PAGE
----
If you cannot Beat it, live with it

A wind travelling at 185 miles an hour (about 300kph) is a very strong wind indeed. Humans do not build settlements where such winds are even a remote a possibility, or so we thought until Hurricane Dorian devastated the North Bahamas. Thousands of homes have been destroyed or damaged severely. Only seven people have died, thanks to the ability of humans to predict the impact of Hurricane Dorian and the efforts of the local government to warn and prepare people for this apocalypse.

Hurricanes start when there is warm water (around and above 28 Celsius) and warm air.

Warm air from the ocean surface begins to rise rapidly. The air is naturally moist, coming from the ocean. When the warm air meets cooler air as it rises the warm moist air condenses and forms storm clouds and drops of rain. The condensation releases heat, which warms the cool air above the warm air, causing it to rise to bring more warm, moist air from the ocean .

The warm, moist air is drawn into a developing storm and more heat is transferred from the surface of the ocean to the atmosphere. This continuing heat exchange creates a wind pattern that spirals violently around a relatively calm center and so a hurricane is born.

The important word in this explanation is “warm”. The air is warmed, the oceans are warmed and this begets hurricanes.

Hurricanes have always been with those who live where the air is warmed and the sea is warmed but in the last century or more the sea has been warming and so has the air more than usual because the heat that the planet naturally receives cannot escape or dissipate into space as it had done for centuries because now the earth has a blanket of insulation, made up of an increasing thick layer carbon dioxide, deposited by kind permission of humanity and its activities.

I do not blame global warming for the creation of Hurricane Dorian – that would be a far too simplistic approach, but I do blame human activities for making hurricanes like Dorian (the most violent in recorded history in the Bahamas) more likely.

It is probably too late to reverse global warming or do much about climate change except to possibly try to slow it down. Humanity, it is clear to me, does not have the appetite to do what must be done to reverse or slow down climate change. It will probably have the appetite to build better and stronger protection against extreme weather events such as hurricanes and flooding. If you can’t beat it, live with it.

Flood Insurance – Who should Pay?

Insurance is, as Orwell called it, a swindle, but at least it is a logical swindle. Insurance rates are calculated on the industry’s view of statistics; the uplift and margin applied to those statistics are the tools of the swindle, but the fundamental premium you pay depends on the figures. If you wish to insure your life you age and the statistical analysis of your longevity will be relevant and if you want to insure your home against losses suffered by flooding then the likelihood of flooding in the place where your home is situate is part of the figuring which sets the price that you pay. If the insurance company, when looking at the statistics tells you that it will not insure your home at any price, then you know that flooding is not merely possible but highly probable. Continue reading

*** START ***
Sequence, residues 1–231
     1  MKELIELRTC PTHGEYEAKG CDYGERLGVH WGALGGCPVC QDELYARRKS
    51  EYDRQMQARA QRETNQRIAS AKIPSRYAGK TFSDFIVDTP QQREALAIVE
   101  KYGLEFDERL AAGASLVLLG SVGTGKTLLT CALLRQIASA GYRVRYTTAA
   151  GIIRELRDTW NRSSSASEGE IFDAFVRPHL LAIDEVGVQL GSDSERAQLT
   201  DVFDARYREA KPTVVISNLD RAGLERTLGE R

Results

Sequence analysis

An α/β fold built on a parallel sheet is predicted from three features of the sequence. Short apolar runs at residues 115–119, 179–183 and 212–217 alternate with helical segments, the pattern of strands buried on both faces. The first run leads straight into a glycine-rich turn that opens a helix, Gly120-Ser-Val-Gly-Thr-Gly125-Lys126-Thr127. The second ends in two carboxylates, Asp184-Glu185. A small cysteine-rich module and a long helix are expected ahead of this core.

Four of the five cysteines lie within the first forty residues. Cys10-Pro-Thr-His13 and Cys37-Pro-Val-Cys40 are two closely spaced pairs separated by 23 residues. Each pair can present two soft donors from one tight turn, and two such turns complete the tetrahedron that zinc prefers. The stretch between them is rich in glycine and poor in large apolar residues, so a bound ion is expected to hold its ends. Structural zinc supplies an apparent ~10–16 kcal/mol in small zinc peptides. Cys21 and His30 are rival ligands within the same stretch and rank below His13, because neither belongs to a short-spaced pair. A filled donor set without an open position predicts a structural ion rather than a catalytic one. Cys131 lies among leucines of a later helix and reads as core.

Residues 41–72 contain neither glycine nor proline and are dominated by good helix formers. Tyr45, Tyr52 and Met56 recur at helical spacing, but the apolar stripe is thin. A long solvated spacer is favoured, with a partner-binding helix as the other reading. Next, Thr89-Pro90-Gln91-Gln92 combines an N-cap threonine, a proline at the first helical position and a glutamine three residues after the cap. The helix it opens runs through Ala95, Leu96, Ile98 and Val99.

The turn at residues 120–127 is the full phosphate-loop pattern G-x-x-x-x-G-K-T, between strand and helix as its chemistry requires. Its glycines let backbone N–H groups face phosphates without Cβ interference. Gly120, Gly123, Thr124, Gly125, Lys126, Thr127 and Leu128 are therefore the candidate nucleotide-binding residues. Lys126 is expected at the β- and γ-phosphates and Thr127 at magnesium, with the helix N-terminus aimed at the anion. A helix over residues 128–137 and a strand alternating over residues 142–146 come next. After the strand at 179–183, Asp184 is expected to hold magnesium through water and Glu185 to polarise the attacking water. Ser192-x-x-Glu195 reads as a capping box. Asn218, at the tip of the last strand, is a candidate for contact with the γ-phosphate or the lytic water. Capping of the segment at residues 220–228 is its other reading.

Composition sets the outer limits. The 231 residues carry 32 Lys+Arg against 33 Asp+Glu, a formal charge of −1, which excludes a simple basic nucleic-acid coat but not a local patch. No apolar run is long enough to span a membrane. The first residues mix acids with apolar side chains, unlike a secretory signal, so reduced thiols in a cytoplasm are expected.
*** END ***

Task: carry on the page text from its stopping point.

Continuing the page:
Flooding in Bangkok

Once again unprecedented flooding is affecting another part of the world. The Prime Minister of Thailand, Ms Yingluck Shinawatra, has warned that the capital city, Bangkok, could be soon covered with water one and a half deep. October is at the very end of the rainy season in Bangkok, which has a tropical wet and dry climate. The City is home to more than nine million people and while most of it is dry at present parts of the surrounding countryside have been under two or three metres of water for three months. Continue reading

A little good news for a change

It is not always possible to report good environmental news; little of it exists. Environmentalists of needs must be moaners and doom and gloom merchants trying tp prevent people from dealing in the destruction of what we all need to enjoy life. Continue reading

A Sign of the Times

Hurricane Irene changed, as hurricanes do, into Tropical Storm Irene.  It started in the Leeward Islands, passed through the Eastern part of the United States and ended up in Canada, moving at speeds from eighty miles an hour to fifty miles a hour. Get used to hurricanes and storms becoming more frequent; they are a sign of the times. Continue reading

Just when you thought it was safe to go into the water…

A year ago most of us were concerned by the 4.9 million barrels (205.8 million gallons) of oil spillage in the Gulf of México. Today there is little news on the spillage. The Gulf has absorbed much of the oil, much of it has been dispersed by chemicals and much cleaned up from the sea shore. It seems some of the marine life is safe and prospering; although in certain cases there has been irremediable damage to the environment. Continue reading

Do we really need the Great Barrier Reef?

It is really a collection of many coral reefs almost joined together and extending from north to south in a thin strip off the east coast of Australia. It is lovely to look at, if you scuba dive, snorkel or take a boat, contains many interesting animals and is a good tourist puller. But do we really need it. Continue reading